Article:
The Stovebolt Page  

Tech Tips  

The Chevy / GMC Holden Body

Stovebolt History Lesson courtesy of The Australian War Memorial by Mike Kelly
Home | FAQ | Forum | Swap Meet | Gallery | Tech Tips | Links | Events | Features | Search | Hoo-ya Shop

25 January 2001

From Mike:

     The Stovebolt Page is a inspiration to a lonely Chev restorer living in the bush in Australia. I wish I could make a trip over to the USA and buy a swag of Chev parts . Oh well. I have two '40 model Chev 1/2-ton utilities with HOLDEN bodies. The US style pickup bodies do appeal to me as they look rather neat, but as its not historically correct to use one here. I will stick with the Holden bodies.

     The pictures come courtsey of the Australian War Memorial web site. They dont mind people using the pics for research and historical interest.

 

     The picture above is a "1938-40 Chev series JC with Holden Coupe utility body. Interior is yet to be trimmed. (GMH-A)."

 

     Holden here built a coupe utility body on the Chev chassis. I have attached a picture of a '39 model for you to look at. They also built a seperate body style body with a wide ute body.

     <= Here's a pix of a 1940 model coupe ute being used by the Red Cross .

 

     The 1937 roadster cab 1/2-ton ute . These were built in 1937/38, basically for civilian use but the army did use them as you can see . The PMG (post office) also used them pre-WW2.

     From the records, we know approx. 1000 were built but I have never seen or heard of a survivor.

     All of these HOLDEN bodied utes had a wooden frame onto which the metal skin was added. As the wood rotted away, the bodies just literally fell apart and hence they are very difficult to find now.

     The one piece coupe utes had a higher survival rate as the body was more rigid.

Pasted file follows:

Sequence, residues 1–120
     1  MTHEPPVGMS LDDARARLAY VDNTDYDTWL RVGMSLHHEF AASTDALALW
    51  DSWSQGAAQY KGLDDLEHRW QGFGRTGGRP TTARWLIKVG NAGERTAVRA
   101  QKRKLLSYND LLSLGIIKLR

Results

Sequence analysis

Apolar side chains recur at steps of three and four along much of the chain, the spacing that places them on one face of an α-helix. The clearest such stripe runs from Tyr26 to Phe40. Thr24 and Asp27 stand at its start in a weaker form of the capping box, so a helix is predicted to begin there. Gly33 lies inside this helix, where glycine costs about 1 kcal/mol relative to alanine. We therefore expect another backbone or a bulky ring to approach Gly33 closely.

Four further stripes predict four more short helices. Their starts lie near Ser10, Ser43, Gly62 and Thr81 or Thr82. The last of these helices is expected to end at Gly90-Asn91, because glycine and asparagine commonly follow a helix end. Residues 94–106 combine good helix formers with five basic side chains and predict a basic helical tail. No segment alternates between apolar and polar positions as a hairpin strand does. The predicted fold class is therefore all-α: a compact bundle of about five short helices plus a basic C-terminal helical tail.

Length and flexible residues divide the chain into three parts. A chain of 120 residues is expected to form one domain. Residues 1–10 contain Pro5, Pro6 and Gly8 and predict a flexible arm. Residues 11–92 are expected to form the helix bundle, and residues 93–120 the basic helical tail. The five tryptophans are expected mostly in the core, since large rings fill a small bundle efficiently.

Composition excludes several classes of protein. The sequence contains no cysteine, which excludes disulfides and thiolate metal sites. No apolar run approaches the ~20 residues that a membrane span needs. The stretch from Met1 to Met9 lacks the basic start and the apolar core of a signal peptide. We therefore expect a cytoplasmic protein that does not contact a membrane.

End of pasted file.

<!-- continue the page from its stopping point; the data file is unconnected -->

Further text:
<= 1940 Chev ute. Basically, a civilian vehicle with a few military mods ie: tool locker on running board, canvas tilt and large 7.50X 16 tyres. Some of them also had the 4 speed crash box fitted. Most of these went to the Middle East and Malaya during 1940-41 with the Australian army, hence very few survive in Australia today.

     HOLDEN also built the one piece coupe ute body on the same chassis. Why they built two different body styles is a mystery . These were built on both the 113" 1/2-ton and 123" 1-ton chassis. The 1-ton model had 17" wheels.

 

 

<= This is a 1940 model 1-ton ute (123"), note the rectangular vent on the cab side, a feature of the HOLDEN cabs from 1939 onwards. The HOLDEN cabs had 3 pressed lines or ribs accross the rear below the rear window. The front end sheet metal ie. guards grill was imported, probably sourced from Canada.

     I have lots more pics including '41-45 models. If anyone is interested in more, please email me.

 

 

 

Mike Kelly

 

     Pete Robins has a real nice 1946 Holden 'Ute in the Gallery -- check it out! ~ ~Editor

v. Jan 05


Home | FAQ | Forum | Swap Meet | Gallery | Tech Tips | Links | Events | Features | Search | Hoo-ya Shop


No parts of this site, its contents, photos or graphics may be used without permission.  


Copyright © 1995-2016 | The Stovebolt Page | Mechanicsville, Maryland